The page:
At one in three nursing homes and long-term care facilities, residents suffer some form of abuse or neglect.
A report from the Special Investigations Division of the House Government Reform Committee says that 5,283 facilities in the U.S. were involved in almost 9,000 instances of abuse from January 1999 to January 2001, Carbonated.tv.com reports. According to estimates from the National Center on Elder Abuse (NCEA) of the Department of Health and Human Services only 1 in 14 cases of elder abuse ever comes to the attention of authorities. NCEA cites 2010 and 2011 studies indicating that 7 to 10 percent of study participants reported some form of abuse in the previous year.
Abuse takes a variety of forms. Physical abuse includes punching, slapping, kicking, choking, and rough handling during care. Residents suffer bruises, broken bones and lacerations, according to Carbonated.tv.com. Among the incidents described in the report:
• A nursing home employee entered a resident’s room, declared, “I’m tired of your ass,”and hit the woman in the face, breaking her nose.
• At another facility, staff members bribed a brain-damaged patient to hit another resident, and then watched the two fight.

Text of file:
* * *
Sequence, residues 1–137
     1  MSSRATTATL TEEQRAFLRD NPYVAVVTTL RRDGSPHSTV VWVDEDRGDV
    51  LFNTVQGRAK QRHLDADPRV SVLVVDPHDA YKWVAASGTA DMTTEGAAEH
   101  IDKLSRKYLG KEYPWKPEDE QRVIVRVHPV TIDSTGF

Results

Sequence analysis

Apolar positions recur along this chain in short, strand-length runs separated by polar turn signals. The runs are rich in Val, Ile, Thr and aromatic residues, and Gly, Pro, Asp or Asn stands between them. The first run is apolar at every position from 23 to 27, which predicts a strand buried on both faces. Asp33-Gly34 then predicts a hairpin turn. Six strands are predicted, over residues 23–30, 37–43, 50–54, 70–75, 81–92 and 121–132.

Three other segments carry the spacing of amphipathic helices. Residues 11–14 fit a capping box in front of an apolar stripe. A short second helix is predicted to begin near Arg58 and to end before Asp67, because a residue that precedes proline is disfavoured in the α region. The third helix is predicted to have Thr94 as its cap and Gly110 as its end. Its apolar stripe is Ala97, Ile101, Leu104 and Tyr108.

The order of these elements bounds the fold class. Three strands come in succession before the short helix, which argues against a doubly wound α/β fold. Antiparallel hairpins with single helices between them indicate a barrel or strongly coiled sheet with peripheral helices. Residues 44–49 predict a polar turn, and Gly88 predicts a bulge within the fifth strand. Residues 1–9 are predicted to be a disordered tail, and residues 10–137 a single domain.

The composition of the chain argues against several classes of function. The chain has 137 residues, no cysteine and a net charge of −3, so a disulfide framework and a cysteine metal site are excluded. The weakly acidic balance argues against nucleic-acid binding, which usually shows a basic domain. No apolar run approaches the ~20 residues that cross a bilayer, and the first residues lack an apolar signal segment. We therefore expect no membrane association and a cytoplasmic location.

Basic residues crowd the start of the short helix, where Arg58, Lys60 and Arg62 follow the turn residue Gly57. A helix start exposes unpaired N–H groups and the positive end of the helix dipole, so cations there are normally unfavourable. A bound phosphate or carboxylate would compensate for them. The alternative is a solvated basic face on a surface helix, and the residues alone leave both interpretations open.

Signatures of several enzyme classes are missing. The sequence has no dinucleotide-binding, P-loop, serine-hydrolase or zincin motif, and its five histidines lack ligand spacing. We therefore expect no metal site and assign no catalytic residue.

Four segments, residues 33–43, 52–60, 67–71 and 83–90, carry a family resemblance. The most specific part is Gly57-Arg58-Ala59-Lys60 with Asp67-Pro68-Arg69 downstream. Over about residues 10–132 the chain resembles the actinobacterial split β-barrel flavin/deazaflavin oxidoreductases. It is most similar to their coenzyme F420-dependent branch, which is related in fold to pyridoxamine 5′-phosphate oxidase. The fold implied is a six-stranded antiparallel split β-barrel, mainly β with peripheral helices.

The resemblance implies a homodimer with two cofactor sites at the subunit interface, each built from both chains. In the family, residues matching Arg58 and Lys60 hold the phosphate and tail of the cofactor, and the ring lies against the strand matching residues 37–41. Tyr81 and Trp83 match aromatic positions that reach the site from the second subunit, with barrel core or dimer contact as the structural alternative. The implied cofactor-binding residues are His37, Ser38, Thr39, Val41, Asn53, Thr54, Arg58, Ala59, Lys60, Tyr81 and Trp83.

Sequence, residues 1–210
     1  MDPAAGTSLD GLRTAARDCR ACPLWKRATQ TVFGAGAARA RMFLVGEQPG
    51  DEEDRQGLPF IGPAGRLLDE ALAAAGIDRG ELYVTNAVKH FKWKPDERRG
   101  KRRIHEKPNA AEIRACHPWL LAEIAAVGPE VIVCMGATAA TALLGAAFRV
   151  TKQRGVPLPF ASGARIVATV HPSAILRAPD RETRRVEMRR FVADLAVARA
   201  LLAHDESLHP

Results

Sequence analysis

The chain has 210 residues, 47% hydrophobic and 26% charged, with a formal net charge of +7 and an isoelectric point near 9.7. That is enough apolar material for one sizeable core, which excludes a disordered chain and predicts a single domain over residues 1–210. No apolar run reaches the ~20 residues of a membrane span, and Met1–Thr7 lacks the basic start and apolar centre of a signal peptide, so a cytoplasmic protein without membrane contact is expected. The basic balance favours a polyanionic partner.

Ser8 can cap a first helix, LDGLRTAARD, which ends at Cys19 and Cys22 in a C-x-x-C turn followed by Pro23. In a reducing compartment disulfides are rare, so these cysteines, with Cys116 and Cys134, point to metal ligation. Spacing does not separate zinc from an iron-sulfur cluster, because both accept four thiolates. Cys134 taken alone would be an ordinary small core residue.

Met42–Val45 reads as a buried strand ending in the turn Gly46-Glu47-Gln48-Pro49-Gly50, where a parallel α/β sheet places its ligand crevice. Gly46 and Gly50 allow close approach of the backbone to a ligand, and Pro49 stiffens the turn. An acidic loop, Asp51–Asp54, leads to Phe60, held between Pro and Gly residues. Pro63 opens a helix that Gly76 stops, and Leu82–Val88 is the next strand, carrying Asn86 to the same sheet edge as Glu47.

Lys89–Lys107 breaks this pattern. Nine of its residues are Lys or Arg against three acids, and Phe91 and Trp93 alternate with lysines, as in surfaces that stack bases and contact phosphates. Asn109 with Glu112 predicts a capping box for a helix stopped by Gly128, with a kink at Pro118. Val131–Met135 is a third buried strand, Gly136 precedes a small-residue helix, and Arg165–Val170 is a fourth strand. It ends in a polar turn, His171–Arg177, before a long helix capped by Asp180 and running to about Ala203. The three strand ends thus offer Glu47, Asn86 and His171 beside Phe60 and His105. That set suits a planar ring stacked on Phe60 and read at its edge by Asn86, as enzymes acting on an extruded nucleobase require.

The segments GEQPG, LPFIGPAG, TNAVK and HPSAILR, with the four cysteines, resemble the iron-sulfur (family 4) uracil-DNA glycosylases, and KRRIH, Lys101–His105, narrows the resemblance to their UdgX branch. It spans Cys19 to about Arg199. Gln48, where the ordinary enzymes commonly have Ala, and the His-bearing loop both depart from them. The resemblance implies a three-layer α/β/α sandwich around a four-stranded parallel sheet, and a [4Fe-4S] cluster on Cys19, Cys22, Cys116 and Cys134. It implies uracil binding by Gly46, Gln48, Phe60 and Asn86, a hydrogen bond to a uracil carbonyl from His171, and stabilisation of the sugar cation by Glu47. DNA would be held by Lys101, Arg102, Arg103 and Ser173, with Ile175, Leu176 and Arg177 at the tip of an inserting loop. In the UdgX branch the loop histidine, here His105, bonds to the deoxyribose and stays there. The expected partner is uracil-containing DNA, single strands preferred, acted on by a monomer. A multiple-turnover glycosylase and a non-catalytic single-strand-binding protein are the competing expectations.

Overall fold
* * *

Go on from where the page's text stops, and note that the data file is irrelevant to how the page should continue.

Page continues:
• An elderly female resident at a facility was molested by the male attendant bathing her.
Residents with dementia or a physical or mental disability are most likely to be abused or neglected, NCEA reports. Many residents find their daily needs neglected: they do not receive needed help with eating, dressing, and toilet use, or assistance to move in and out of bed. Neglect can lead to malnutrition – even starvation – dehydration, bedsores, infections, and psychological and emotional symptoms.
According to the Wall Street Journal, many nursing homes overuse antipsychotic drugs to control agitated patients, but these drugs increase the risk of death in patients with dementia. Certain sleep medications can be dangerous for nursing home residents; they increase the risk of falls by causing disorientation and impairing balance. The New York Times reported the serious consequences of the lack of proper oral hygiene care in many facilities. Residents whose teeth and mouths are not cleaned regularly can suffer pain, broken teeth, and gum disease, all of which may interfere with the inability to eat properly. They may develop infections, including pneumonia, when oral bacteria enter the bloodstream.